Not long after my adventure with soybeans, I was inspired to make lasagne. Except that I didn’t know how to make it and didn’t own a cookbook. But, you know, how difficult could it be? It’s just lasagne noodles, sauce, and cheese. I knew what it was supposed to taste like, and I knew what it was supposed to look like. I just had to figure out the stuff in the middle – the sauce. Easy.

So I went shopping and bought all kinds of ingredients:

  • Lasagne noodles
  • Tomato paste
  • Parmesan, cheddar, and ricotta cheese
  • Some dried herbs
  • (TVP a/k/a Kibbles ‘n Bits)

Then I launched into what must have been the most complicated method of making lasagne possible. I cooked everything separately before combining it and blitzed the kitchen in the process. There were bowls all over the counters, the sink was full of dishes and I’d used just about every pot, pan, and utensil I owned. I pushed everything back to make space for the baking dish it was to be cooked in and began layering the wet pasta, TVP, the runny sauce, and with a lot of fiddling, managed to get the cheese to lay flat. In short order, both of my hands were covered in tomato sauce, and it was creeping up my wrists, so I took my watch off and laid it next to the pan. When I’d built up perhaps five layers, I stood back and surveyed it, pondering how to best go about cooking it.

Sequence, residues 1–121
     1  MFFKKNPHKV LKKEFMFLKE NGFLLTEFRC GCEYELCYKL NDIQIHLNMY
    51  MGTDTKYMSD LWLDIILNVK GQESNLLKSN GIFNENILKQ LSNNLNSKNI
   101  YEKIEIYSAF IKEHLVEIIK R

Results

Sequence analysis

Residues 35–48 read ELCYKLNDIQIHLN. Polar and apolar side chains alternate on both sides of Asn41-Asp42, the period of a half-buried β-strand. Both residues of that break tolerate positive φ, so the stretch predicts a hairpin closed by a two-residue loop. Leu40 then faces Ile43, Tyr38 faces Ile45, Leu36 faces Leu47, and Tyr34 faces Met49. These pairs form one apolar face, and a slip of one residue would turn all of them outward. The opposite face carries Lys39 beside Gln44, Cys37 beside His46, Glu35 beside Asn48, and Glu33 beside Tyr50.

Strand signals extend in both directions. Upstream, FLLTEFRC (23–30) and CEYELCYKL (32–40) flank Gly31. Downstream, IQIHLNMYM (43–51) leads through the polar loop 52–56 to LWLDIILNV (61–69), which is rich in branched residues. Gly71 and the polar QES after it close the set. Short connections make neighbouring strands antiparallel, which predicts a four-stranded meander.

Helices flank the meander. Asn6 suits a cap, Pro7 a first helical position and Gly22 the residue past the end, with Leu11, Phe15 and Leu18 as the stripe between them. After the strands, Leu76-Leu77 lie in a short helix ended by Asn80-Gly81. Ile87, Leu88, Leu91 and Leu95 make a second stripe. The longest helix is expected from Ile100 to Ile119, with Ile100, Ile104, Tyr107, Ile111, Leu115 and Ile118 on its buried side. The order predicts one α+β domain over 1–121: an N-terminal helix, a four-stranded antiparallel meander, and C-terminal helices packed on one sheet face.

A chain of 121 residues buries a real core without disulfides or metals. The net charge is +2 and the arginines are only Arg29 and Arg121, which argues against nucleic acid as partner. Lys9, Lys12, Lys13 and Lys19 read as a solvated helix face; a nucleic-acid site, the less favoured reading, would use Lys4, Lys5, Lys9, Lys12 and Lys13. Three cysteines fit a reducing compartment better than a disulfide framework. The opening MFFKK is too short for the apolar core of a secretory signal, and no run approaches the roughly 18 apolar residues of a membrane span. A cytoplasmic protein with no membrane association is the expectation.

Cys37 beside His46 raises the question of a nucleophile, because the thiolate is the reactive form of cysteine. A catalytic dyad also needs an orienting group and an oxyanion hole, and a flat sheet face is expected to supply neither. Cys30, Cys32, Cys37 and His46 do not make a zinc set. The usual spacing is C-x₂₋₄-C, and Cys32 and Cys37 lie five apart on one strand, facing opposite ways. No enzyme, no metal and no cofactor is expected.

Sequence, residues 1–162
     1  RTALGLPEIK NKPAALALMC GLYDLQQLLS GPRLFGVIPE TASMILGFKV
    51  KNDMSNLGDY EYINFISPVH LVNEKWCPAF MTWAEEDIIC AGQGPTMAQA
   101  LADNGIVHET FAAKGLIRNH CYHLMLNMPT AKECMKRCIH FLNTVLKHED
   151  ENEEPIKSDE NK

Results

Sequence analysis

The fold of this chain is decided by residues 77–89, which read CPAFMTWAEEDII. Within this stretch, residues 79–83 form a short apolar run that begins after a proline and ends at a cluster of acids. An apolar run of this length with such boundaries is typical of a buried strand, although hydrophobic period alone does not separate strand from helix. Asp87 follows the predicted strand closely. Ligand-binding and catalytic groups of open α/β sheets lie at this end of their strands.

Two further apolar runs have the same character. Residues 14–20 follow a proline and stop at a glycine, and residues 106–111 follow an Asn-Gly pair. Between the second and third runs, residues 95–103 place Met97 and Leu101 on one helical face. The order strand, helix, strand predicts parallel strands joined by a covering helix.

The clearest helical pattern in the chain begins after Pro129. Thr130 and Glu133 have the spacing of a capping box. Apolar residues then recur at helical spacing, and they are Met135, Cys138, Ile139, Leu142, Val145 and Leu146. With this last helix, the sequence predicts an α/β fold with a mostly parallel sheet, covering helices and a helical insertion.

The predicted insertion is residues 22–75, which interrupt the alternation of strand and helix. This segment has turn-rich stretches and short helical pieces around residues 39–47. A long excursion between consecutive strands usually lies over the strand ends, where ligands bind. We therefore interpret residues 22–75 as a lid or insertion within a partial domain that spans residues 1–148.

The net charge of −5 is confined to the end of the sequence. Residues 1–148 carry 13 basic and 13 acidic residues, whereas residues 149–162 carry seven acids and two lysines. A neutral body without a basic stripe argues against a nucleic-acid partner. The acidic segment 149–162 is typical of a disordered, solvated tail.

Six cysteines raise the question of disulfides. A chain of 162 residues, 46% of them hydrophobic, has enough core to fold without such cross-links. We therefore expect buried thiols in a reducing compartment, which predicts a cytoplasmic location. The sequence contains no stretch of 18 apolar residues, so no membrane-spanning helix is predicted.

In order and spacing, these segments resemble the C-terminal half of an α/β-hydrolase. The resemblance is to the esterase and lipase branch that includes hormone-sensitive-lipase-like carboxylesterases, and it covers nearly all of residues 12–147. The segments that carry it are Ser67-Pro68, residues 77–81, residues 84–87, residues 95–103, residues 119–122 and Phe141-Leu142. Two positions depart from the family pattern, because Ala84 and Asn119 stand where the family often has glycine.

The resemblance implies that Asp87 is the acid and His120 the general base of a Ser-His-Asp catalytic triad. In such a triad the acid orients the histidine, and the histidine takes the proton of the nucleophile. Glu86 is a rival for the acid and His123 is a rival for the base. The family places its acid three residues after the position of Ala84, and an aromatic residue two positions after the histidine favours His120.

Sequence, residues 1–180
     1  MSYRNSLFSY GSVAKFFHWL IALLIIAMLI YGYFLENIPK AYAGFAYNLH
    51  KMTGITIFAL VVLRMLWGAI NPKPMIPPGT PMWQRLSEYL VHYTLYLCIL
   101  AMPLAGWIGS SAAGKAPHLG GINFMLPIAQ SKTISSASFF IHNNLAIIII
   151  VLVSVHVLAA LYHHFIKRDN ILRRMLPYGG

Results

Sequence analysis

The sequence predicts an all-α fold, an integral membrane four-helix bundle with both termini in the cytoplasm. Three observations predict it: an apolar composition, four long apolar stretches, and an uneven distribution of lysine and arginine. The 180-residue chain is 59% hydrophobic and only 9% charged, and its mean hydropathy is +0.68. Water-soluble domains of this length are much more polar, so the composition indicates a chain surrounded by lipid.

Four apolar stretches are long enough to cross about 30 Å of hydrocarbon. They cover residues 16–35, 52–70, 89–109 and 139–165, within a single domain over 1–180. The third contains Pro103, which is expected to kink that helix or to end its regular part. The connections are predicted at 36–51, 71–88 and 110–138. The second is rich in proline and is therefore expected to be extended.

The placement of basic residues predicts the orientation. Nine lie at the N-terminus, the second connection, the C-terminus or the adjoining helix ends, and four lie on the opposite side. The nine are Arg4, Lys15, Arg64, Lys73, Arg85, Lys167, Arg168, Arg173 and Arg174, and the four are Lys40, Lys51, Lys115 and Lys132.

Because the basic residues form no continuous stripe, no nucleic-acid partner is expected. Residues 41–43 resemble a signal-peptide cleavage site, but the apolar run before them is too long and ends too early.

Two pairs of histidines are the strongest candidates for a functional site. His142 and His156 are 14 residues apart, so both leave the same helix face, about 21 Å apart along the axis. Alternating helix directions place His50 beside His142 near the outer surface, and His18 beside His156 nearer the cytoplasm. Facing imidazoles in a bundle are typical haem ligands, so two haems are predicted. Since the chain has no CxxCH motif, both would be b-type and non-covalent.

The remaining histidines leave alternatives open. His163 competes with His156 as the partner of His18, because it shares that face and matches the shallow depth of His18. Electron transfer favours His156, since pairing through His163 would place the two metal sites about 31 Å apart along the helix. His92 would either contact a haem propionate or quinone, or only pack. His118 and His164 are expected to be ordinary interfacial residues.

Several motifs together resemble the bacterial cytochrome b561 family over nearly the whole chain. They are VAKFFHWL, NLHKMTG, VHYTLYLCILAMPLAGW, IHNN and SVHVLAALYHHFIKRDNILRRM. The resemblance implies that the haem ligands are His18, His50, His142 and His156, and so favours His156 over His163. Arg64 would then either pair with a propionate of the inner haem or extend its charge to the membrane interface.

The only thing I ever really liked about lasagne was the crunchy pasta around the edges, but I knew the centre was supposed to be soft. So I covered the baking dish with tin foil, painstakingly tucking it around the sides, and put it in the oven, preheated to 350°.

An hour or so later, I opened the oven door and, with both hands wrapped in tea towels, pulled the pan filled with gluey overcooked lasagne out of the oven. I was about to slam the door shut with my knee, when I realized with no small degree of horror that I was looking at my Timex watch hanging from the metal rack by its buckle.

Ack! It had been caught up in the tin foil when I wrapped the pan. I ditched the baking dish on the counter and fished my watch out of the oven. The glass face had exploded and the leather strap was cooked into two hardened curls, but the second hand was still moving!

”Timex! Takes a licking and keeps on ticking!”

About a week later I took it to a jeweller, had the glass face replaced and bought a strap for it. Aside from changing the battery periodically, it has been trouble-free and keeps perfect time. Not bad considering it was baked at 350° for an hour some 25 years ago.

Oh. What happened to the lasagne? I turfed it. Gooey horrid mess.

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